“The fact actually remains that if any of the African countries that are rich in natural resources are going to transform or transcend conflicts, they are not to perpetually remain on the side of trying to quench the fire. There is a need to look at the governance framework…. It doesn’t matter if the governance framework is a borrowed idea, but the fact is that it has to be retooled in such a way that it works with existing realities in the various countries. For me, the government framework is largely about transparency and accountability. It’s largely about pursuing the general good for the people.”
“We have not built a continent that could survive outside of natural resource exploitation and transaction, and that is why you find in almost any country that is rich in natural resources, there is no job other than those which exploit and sell, and the money becomes an issue of contestation among political elites.”
“Governance has a role to play in terms of ensuring that natural resource management is inclusive and responsive to the needs of the people. Without that, then it’s not worth the risk and effort.”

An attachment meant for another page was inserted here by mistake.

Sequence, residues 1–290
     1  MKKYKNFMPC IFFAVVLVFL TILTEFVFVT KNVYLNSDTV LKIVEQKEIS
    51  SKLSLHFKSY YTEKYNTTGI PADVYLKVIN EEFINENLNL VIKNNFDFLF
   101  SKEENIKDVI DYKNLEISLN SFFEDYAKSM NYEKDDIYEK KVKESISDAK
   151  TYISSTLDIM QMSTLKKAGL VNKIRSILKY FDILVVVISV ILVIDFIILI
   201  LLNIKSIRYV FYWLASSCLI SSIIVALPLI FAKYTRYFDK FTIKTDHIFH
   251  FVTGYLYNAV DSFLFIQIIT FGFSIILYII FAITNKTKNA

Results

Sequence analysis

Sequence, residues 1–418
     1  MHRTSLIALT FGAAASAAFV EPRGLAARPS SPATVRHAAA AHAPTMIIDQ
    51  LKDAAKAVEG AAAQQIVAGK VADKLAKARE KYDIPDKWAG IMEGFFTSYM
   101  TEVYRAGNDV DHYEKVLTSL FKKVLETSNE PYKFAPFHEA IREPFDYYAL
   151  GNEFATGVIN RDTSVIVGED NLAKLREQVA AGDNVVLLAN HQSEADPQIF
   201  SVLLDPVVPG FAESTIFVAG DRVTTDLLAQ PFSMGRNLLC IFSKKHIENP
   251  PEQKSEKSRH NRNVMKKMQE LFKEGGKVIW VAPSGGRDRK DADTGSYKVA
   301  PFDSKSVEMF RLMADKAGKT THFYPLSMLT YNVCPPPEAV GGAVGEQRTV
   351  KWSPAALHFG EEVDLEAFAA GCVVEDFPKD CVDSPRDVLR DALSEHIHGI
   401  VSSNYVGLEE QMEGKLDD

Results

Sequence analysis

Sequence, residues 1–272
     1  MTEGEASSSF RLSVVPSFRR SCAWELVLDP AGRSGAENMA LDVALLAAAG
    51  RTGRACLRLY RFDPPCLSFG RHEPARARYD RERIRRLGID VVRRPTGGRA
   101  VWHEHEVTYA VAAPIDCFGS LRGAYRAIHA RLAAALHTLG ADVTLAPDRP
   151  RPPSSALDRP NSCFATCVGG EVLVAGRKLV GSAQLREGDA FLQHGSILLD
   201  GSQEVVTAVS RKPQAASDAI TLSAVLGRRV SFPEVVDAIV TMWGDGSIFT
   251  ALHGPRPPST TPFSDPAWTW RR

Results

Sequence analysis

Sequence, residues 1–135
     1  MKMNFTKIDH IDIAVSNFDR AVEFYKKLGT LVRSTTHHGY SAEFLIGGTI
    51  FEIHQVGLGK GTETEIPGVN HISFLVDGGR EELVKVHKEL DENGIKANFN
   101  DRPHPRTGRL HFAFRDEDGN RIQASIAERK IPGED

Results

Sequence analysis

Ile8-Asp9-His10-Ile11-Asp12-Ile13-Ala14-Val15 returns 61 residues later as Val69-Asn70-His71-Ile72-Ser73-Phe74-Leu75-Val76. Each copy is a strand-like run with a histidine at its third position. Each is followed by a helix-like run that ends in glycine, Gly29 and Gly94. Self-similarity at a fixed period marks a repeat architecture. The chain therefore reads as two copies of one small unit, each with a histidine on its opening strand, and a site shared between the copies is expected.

“98 percent of the water users were facing conflicts on a weekly basis, but 91% reported lack of conflict resolution mechanisms, and conflicts were hindering contribution towards water provision … the key challenge to lack of access to safe water was not a lack of water, but how water is governed. It was a governance question. Similarly it comes to learn with the discovery of minerals in Uganda, people have been displaced with poor resettlement and compensation plans.”
“The policies do not seem to be gender responsive, even when policies are well articulated about participation of different sections of the population, such as women and men, women largely continue to miss in this scale. For instance, we see this during land compensation in the Albertine region [in Uganda], men take decisions thoroughly, without participation of women, but women carry the burden of the displacements, of the settlements, of food security, lack of water. Women carry the burden, but they are not included. We need a responsive and inclusive regulatory framework.”
Seydina Ousmane Sene
“When we talk about peace, I think peacebuilding is a long process and the process has to be really nurtured, but also the systems have to be put in place to prevent crisis happening again as it was in the past ten years. Africa is rising yes, but there are still spots that can still contain conflicts that might jeopardize the evolution of economic development that Africa is taking right now, especially in this difficult time.”